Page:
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The idea behind using dogs to save dying olive trees in Italy

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The region’s lower part is now covered in an endless sea of grey, dead tree trunks, dotted with the remnants of thousands of tiny farms, olive mills, and greenhouses.

The proprietor of Vivai Giuranna, Mauro Giuranna, has firsthand knowledge of a Xylella attack. When plant inspectors discovered infected plants in his greenhouse, he was forced to get rid of plants worth about €1 million ($1 million/£900,000).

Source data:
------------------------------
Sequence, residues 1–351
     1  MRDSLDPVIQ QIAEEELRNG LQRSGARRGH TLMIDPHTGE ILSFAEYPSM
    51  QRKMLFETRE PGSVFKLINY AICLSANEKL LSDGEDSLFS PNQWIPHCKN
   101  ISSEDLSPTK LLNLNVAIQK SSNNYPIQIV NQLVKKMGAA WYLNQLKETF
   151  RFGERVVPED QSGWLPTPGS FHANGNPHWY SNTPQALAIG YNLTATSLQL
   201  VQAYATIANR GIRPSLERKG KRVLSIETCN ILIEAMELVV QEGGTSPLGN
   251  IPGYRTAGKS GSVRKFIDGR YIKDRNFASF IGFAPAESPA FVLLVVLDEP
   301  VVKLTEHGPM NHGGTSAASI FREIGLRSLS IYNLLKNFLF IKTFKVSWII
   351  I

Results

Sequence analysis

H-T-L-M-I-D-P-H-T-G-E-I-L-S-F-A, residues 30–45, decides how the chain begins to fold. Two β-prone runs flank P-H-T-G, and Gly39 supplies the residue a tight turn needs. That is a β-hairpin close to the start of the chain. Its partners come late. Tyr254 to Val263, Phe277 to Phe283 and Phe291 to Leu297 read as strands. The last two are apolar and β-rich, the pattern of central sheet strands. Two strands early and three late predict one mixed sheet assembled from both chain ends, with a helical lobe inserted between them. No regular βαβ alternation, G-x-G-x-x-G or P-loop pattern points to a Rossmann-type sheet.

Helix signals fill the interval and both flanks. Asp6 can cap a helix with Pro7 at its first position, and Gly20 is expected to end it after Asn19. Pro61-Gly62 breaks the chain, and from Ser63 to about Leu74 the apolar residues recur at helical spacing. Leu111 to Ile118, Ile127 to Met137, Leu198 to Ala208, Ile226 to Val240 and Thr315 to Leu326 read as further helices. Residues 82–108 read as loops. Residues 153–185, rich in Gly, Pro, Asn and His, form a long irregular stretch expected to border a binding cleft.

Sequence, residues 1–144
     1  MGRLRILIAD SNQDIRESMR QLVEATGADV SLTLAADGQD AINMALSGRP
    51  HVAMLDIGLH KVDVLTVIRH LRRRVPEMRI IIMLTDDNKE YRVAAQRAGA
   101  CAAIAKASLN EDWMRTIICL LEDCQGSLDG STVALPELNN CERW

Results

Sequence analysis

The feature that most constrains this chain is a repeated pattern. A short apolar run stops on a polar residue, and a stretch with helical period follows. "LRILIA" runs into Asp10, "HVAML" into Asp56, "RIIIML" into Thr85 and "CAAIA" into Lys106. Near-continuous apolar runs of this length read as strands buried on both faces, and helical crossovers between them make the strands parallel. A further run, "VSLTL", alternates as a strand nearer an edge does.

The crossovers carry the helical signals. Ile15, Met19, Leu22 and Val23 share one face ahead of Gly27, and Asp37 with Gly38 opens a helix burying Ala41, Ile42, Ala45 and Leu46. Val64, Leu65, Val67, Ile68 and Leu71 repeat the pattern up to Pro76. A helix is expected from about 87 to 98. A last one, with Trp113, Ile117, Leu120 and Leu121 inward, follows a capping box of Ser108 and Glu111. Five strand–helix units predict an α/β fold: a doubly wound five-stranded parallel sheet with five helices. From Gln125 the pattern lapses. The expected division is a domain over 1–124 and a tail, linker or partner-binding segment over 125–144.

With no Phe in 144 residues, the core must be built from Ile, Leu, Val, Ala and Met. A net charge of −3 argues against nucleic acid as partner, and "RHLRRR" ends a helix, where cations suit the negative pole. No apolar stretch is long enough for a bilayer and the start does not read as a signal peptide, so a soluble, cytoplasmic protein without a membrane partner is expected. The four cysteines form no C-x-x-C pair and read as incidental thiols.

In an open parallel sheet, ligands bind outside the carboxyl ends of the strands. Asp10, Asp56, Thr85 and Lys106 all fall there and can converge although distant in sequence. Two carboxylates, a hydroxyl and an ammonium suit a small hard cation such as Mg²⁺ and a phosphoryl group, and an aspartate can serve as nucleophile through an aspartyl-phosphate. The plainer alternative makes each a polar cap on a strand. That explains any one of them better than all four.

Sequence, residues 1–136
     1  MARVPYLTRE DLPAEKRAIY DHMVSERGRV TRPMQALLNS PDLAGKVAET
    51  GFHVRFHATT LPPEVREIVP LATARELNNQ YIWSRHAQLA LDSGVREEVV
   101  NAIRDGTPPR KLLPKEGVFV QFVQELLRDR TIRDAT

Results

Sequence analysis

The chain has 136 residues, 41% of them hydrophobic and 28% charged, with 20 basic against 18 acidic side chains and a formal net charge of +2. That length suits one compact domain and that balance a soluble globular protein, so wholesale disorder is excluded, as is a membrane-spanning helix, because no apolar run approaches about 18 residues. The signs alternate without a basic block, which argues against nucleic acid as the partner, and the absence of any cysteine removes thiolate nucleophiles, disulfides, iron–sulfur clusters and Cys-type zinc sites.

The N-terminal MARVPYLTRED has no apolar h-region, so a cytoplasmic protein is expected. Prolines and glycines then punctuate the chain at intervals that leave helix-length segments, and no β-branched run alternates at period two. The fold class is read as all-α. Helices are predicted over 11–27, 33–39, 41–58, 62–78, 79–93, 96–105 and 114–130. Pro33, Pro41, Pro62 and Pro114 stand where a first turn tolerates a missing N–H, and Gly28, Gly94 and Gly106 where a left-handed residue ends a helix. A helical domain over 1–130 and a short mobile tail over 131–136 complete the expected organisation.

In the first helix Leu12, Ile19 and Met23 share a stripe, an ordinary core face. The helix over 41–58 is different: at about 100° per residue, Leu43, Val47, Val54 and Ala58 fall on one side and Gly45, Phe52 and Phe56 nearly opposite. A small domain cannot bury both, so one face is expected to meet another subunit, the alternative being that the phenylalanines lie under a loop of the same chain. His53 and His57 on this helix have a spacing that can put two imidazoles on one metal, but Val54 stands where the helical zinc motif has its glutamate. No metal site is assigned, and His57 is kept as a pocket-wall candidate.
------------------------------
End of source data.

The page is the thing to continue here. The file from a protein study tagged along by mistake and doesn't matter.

Giuranna laments, “We were too superficial [in our response to Xylella in the first years]. There are no longer any grand olive trees.

He wished the controls had been quicker and more precise. President Michele Emiliano, the regional governor, was initially dubious about a connection between Xylella and the quick desiccation of olive trees.

The scientists accused of spreading the bacteria themselves while trying to stop it were put on trial (eventually, all charges were dropped). The European Commission looked into Italy because of a subpar response.

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